|To fly among the stars : the hidden story of the fight for women astronauts|
Author: Rissman, Rebecca
A look at the birth of America's space program, and the men and women aviators who set its course.
Kirkus Reviews (01/01/20)
School Library Journal (01/01/20)
Booklist (+) (12/01/19)
Full Text Reviews:
Booklist - 12/01/2019 *Starred Review* While tracing the history of NASA’s space program from the first seven astronauts through the end of their Mercury missions in 1963, this engaging work introduces another group of exceptional American pilots—all women—who wanted to become astronauts as well. When a brigadier general and the doctor who designed many of the grueling physical tests for potential astronauts started an independent research program to measure how women would handle those same challenges, they found many pilots willing to volunteer. NASA’s original astronauts were known as the Mercury 7. These women, called the Mercury 13, were never seriously considered by NASA because of their sex. Russia’s Valentina Tereshkova became the first woman in space in 1963, and the first American woman didn’t follow until 1983. Siegel’s well-researched book presents a great deal of relevant information in an organized and very readable fashion, telling two parallel stories. The chapters on the Mercury 7 portray the astronauts more realistically than most books for young people. Individually moving, the collective accounts of the Mercury 13 women offer an eye-opening view of pervasive gender prejudice and its costs. Illustrated with period photos, this riveting chronicle of the early years of manned space flight also presents captivating stories of women left behind. - Copyright 2019 Booklist.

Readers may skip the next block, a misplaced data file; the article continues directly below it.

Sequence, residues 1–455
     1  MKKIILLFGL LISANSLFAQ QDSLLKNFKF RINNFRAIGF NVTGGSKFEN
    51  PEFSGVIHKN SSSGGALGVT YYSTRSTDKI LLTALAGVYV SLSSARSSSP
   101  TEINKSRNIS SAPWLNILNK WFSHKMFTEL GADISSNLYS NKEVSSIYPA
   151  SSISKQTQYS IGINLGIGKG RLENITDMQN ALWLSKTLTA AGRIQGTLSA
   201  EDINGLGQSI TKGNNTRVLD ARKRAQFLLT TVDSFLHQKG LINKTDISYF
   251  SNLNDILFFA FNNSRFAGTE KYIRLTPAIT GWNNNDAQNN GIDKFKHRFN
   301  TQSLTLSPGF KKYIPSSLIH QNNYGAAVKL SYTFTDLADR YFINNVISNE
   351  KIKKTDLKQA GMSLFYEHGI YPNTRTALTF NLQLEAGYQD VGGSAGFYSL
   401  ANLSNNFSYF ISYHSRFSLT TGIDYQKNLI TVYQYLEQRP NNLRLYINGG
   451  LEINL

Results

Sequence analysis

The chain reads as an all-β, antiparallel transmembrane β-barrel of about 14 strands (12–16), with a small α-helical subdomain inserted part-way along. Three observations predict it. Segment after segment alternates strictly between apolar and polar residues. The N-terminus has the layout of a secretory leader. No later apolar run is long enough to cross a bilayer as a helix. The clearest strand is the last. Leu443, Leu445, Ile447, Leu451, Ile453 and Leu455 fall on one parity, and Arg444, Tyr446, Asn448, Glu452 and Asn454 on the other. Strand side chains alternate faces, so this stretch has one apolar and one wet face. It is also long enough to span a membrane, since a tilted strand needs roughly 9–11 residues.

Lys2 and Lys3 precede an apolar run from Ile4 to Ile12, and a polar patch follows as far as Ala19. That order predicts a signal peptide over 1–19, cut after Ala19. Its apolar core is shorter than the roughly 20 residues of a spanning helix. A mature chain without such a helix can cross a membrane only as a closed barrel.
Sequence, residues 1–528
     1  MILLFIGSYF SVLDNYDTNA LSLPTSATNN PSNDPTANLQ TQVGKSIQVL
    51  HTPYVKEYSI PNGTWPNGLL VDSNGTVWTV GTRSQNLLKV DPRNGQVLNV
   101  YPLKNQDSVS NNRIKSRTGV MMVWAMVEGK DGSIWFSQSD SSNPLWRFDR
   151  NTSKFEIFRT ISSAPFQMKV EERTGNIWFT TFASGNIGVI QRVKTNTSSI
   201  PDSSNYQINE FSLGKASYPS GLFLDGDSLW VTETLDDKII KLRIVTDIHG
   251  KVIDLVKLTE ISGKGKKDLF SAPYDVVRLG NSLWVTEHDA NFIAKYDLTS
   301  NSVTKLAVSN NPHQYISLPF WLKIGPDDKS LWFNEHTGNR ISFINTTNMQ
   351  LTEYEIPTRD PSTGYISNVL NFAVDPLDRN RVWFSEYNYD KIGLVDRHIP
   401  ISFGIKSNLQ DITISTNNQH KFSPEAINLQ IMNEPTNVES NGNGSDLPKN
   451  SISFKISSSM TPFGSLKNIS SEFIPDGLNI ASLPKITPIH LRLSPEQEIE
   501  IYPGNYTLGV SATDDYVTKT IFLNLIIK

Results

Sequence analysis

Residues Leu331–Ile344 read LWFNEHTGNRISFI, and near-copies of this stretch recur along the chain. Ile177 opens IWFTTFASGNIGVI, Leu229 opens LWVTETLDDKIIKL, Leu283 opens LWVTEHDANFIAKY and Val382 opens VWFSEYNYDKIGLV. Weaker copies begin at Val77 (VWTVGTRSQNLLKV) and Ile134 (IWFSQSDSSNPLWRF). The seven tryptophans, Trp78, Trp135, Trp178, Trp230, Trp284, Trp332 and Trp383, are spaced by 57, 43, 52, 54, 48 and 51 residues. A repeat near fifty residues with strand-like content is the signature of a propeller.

School Library Journal - 01/01/2020 Gr 8 Up—Male and female aviators of the 20th century were setting records and banking flight hours, but career opportunities were often reserved for white men. The origins of the U.S. space program were no different; despite highly qualified women who successfully completed training, NASA chose seven white men to undertake the first journeys to space. Siegel parallels the experiences of the contenders, comparing abilities, training results, and actual missions to clearly show the program's gender bias. Siegel notes, "It wasn't enough for a woman pilot to simply be talented in the 1950s and 1960s. If she wanted to get work, good work, she had to be savvy, too." Women aviators hoping to become test pilots were subjected to judgments of their physical appearance, their likability, and their overall adherence to feminine norms. The highly detailed research, from the descriptions of an early airplane flight to the feeling of simulated weightlessness during astronaut training, forms a powerful collection of knowledge about the space program and the first astronauts, but is not as strong a resource about the women specifically. Readers would be better served by Tanya Lee Stone's Almost Astronauts: 13 Women Who Dared To Dream. Siegel's writing style is more conversational than formal, which occasionally distracts from the seriousness of the information. VERDICT A quality work that tells the stories of the first men and women of the U.S. space program, but neglects to put the women in the spotlight.—Casey O'Leary, Meredith Nicholson School 96, IN - Copyright 2020 Publishers Weekly, Library Journal and/or School Library Journal used with permission.